I have always shot as narrow depth of field as I could get away with. Always relied on narrow depth of field to isolate the subject and “tell the story”. With the Olympus I find myself using the aperture and hence depth of field to control the correct exposure. That is somehow both “frightening” and a welcome challenge. I think a lot more about what is in the frame when I cannot isolate the subject with narrow depth of field.
Analog is the epitome of delayed gratification. On digital, even though I am quite economical, as I hate post-processing, I still end up taking 2-3 shots of the same subject and push the final decision on which to use for later. With analog I am more aware of the cost of having an extra exposure of the same subject. I would not even know if the second was better than the first. I really like that process and I feel that it has carried over to my digital shooting as well.
Seeing the results
When I finally received the results of my first roll, after restarting film photography I was very pleased with some and a little bit disappointed about others. Sure enough the “first” picture I had taken of my parked car was out of focus – just as I had expected. But somehow I had managed to have correctly exposed shots on the entire roll which pleased me.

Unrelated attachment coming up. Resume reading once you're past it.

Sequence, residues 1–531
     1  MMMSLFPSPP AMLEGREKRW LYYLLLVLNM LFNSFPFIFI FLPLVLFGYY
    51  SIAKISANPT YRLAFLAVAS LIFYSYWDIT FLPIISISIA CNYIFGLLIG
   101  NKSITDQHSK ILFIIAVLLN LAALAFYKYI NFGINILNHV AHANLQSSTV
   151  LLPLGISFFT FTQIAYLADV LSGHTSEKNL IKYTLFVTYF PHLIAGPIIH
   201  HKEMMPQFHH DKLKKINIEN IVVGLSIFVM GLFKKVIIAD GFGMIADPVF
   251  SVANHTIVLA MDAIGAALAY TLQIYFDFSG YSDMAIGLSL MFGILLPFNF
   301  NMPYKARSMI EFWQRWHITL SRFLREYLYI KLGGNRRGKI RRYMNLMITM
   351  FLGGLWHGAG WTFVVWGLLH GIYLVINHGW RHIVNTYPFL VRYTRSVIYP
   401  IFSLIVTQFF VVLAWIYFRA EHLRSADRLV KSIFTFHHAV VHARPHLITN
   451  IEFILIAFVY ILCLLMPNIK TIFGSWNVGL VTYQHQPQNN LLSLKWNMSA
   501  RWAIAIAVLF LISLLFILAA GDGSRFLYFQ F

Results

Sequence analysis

I love the grain! I love the overall “look” of analog. There really is something to it. You can add grain to the digital images, but it very rarely looks good – on analog it really does.
Another very apparent thing with film is of course the look of the film. Different emulsions – different looks. This may seem trivial to highlight, but for me it expanded my horizon and spilled into my digital photography. I have never been a big fan of post-processing and always tried to keep it to a minimum, both because I don’t really like the process of doing it and also because I was somewhat against having to do so. But when you work with analog film the representation depends 100% on what the film brings. The scene is never as you saw it in real life. There is always the heavy representation of the emulsion on top.
This made me relax my strong opposition against post-processing and made me more comfortable experimenting and giving my digital images certain “looks”. I am still against heavy post-processing – or at least won’t do it myself – but analog photography gave me a more relaxed and balanced view towards it.